Wednesday, 9 December 2015

People of R4: Sileo Village

There is a man.  He is wearing khaki shorts and a purple polo shirt.  There is a chain around his neck with  a piece of shell attached.  His hands are clean but calloused.  His head is shaved, his facial hair short and manicured.  His face is chiselled and healthy.  He looks like anyone you might see at home.  He wouldn't look out of place in any city in the world.  It is only by chance that he was born here, in a small, poor, fishing village in West Papua, while another man, just like him, was born in Sydney or London or New York.

* * * 

Sileo Village was notably different to Selpele Village - It was obvious as soon as the village came into sight.  It was bigger and in better condition.  Closer up the differences were more defined.  The village is better established with defined paths (sometimes even concreted) and boardwalks.  Established fencing is common.  Homes are sturdier and in better condition.

There is a sporting field, small stores, wire running along the paths for light, dishes for wifi and even a tower for telephone signal.

The children look healthier and happier.  Their skin and eyes are in better condition, their faces are more often clean and their hair is more often brushed and fixed.  The school is active and the kids run around in their uniforms, some of them even wear shoes!

Even the markets are more abundant with healthier looking produce.

But there's also more trash on the island - the down side of modernization.  The small stores cell candy and shampoo and the like - all in plastic bottles or containers or wrap.  Plastic that has no where to go but onto the ground and into the sea.  There is clearly no system for waste removal or disposal here and the shore is lined with trash.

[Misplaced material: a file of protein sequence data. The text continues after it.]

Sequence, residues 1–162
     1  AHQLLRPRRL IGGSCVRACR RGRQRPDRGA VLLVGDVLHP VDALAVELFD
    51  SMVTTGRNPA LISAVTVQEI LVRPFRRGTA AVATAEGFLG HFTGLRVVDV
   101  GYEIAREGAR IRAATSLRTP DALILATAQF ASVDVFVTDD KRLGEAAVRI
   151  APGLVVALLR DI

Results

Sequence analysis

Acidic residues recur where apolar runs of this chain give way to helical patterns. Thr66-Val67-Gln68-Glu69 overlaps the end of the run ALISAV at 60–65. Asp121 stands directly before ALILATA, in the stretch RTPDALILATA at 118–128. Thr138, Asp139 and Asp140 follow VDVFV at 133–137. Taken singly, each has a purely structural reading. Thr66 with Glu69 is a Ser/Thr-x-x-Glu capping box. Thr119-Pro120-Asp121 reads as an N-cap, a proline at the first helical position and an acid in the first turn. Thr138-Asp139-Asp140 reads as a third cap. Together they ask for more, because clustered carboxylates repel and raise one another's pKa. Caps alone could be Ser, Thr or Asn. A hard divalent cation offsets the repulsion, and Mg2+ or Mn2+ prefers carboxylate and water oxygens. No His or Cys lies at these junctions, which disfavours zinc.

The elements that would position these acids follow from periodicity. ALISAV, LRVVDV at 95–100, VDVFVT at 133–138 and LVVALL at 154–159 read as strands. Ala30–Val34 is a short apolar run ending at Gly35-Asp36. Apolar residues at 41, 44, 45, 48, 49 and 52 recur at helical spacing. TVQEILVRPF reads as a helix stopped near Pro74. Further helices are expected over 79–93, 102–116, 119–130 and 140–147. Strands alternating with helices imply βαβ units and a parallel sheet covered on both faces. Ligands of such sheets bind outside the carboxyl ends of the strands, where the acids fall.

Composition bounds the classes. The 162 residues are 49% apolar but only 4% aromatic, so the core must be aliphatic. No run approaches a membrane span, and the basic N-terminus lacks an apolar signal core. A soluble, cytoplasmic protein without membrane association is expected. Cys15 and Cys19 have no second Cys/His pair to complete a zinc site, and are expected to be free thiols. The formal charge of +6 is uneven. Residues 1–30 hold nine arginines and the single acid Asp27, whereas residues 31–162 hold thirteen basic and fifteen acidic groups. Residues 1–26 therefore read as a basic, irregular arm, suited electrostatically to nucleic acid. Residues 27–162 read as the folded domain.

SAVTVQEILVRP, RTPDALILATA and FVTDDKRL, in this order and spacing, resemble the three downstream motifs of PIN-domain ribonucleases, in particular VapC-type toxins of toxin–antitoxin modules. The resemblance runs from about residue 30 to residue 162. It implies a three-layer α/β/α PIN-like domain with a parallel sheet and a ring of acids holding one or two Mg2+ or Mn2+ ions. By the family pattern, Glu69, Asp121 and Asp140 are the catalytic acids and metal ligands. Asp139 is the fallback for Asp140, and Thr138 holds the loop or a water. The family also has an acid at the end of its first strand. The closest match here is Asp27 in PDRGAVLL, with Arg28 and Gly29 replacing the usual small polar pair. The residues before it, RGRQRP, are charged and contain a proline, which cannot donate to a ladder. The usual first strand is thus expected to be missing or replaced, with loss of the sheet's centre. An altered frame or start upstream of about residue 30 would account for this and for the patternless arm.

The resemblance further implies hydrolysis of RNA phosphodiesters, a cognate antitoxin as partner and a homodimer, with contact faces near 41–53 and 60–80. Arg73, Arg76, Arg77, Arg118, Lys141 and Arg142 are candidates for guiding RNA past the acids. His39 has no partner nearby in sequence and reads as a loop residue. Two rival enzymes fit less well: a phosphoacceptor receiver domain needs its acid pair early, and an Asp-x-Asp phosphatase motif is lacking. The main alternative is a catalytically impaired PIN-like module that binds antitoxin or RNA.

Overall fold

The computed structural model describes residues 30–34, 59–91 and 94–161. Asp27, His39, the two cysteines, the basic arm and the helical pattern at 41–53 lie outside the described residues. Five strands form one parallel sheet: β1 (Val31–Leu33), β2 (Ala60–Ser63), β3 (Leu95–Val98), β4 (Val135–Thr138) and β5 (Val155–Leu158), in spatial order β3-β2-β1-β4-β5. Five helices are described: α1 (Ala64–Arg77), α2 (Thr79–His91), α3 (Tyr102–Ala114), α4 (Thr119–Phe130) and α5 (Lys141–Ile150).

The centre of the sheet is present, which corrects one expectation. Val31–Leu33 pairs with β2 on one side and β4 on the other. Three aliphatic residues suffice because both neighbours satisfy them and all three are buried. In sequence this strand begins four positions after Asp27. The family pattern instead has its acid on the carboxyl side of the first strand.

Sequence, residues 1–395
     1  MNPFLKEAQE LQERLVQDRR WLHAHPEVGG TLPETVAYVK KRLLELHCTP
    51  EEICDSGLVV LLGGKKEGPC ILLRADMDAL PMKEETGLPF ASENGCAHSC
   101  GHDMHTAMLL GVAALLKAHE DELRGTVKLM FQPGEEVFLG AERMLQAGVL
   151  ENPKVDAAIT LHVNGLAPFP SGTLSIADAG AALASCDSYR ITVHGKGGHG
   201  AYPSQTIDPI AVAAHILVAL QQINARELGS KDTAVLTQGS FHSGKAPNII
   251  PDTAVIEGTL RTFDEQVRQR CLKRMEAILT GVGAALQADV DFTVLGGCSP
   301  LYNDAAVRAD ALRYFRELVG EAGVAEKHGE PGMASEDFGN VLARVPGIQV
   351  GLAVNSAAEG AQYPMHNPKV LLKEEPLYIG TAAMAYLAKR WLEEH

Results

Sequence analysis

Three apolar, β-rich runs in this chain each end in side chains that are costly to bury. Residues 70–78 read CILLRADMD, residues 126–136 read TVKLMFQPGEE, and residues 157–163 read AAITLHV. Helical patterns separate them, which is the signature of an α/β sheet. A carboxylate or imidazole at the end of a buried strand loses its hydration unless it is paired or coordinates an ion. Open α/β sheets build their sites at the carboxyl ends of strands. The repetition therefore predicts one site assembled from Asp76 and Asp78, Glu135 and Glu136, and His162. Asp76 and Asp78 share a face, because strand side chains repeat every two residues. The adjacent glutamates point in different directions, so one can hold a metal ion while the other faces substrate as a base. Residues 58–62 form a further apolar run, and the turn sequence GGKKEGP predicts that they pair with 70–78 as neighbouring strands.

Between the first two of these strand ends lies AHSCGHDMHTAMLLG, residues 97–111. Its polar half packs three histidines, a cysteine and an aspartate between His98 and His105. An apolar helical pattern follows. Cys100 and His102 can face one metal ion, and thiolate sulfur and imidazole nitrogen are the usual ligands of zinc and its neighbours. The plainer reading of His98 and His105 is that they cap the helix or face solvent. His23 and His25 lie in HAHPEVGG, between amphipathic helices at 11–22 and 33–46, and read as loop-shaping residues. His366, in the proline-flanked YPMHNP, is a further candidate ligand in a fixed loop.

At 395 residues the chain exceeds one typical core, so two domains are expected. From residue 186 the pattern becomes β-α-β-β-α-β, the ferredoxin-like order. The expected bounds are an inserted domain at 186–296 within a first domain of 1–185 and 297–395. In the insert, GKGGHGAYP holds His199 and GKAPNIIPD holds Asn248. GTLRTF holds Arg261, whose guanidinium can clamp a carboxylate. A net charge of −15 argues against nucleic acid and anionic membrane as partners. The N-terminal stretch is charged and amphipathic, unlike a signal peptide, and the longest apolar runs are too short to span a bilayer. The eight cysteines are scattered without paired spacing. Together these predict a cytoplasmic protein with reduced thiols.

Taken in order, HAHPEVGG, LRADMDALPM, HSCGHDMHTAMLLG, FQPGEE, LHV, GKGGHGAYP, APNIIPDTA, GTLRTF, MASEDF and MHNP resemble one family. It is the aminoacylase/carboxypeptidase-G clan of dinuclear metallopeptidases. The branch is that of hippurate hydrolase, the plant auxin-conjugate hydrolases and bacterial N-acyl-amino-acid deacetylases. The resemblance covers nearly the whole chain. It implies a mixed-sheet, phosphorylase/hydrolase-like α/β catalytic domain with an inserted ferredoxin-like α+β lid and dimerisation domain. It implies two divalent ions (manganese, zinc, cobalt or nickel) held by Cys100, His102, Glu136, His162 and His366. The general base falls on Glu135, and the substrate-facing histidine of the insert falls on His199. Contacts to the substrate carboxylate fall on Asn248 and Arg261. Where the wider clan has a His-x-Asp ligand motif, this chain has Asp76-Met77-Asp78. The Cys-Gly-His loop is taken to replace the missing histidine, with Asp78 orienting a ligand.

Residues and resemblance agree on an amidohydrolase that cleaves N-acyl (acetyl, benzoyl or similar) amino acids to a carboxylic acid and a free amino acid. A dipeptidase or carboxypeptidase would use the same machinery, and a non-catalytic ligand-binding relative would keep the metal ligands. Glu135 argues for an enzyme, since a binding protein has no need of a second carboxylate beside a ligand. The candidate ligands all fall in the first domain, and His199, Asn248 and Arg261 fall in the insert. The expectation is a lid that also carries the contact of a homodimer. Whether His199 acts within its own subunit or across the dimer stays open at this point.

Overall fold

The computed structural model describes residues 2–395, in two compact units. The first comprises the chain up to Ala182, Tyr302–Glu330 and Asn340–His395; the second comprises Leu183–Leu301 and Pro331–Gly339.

According to the information I have received, Sileo village recieves far less help from the government.  Yet despite the comparative lack of financial aid, the village seems more modern, less primitive. Clothes are cleaner, they have more cookware, buckets and plastic tubs, snacks and sweets, hair ties and clips, phones, bags, jewelry, glass in the windows of some homes, sometimes even curtains.  I can't explain the discrepancy and nor can anyone I ask.

Of course it is still a poor, remote, fishing village in the middle of the sea in West Papua.  Fishing poles are the basic bamboo poles I saw in Selpele; Fishing boats are small (often the dug out variety) and made from wood chopped down from the jungle behind the village; children make toy boats out of sticks and push them along the ground; mothers chew food and push it into the mouths of their young; women sit and preen each other; men sit and talk and chew betel nut.  Everyone fishes.  The life seems simple, but it doesn't seem easy.

I am reminded, again, of how little control we have over our circumstances.  I look at the women here, women my age, leaning over buckets of clothes to be washed by hand, sweeping the ground with a bundle of sticks. I wonder how many of them ever had the opportunity to learn to read and I assume very few. None of them ever would have dreamed possible a life that didn't involve raising a family in this very village they were born in.  Then I think about myself, and my friends; women who are doctors and lawyers and psychologists and designers and artists and writers and teachers.  Women who are traveling the world.  Women who have the whole world open to them simply because of where they were born.  Living in this place and meeting these people makes my eyes burn with tears and my heart swell in gratitude l for what I have. Every single day.

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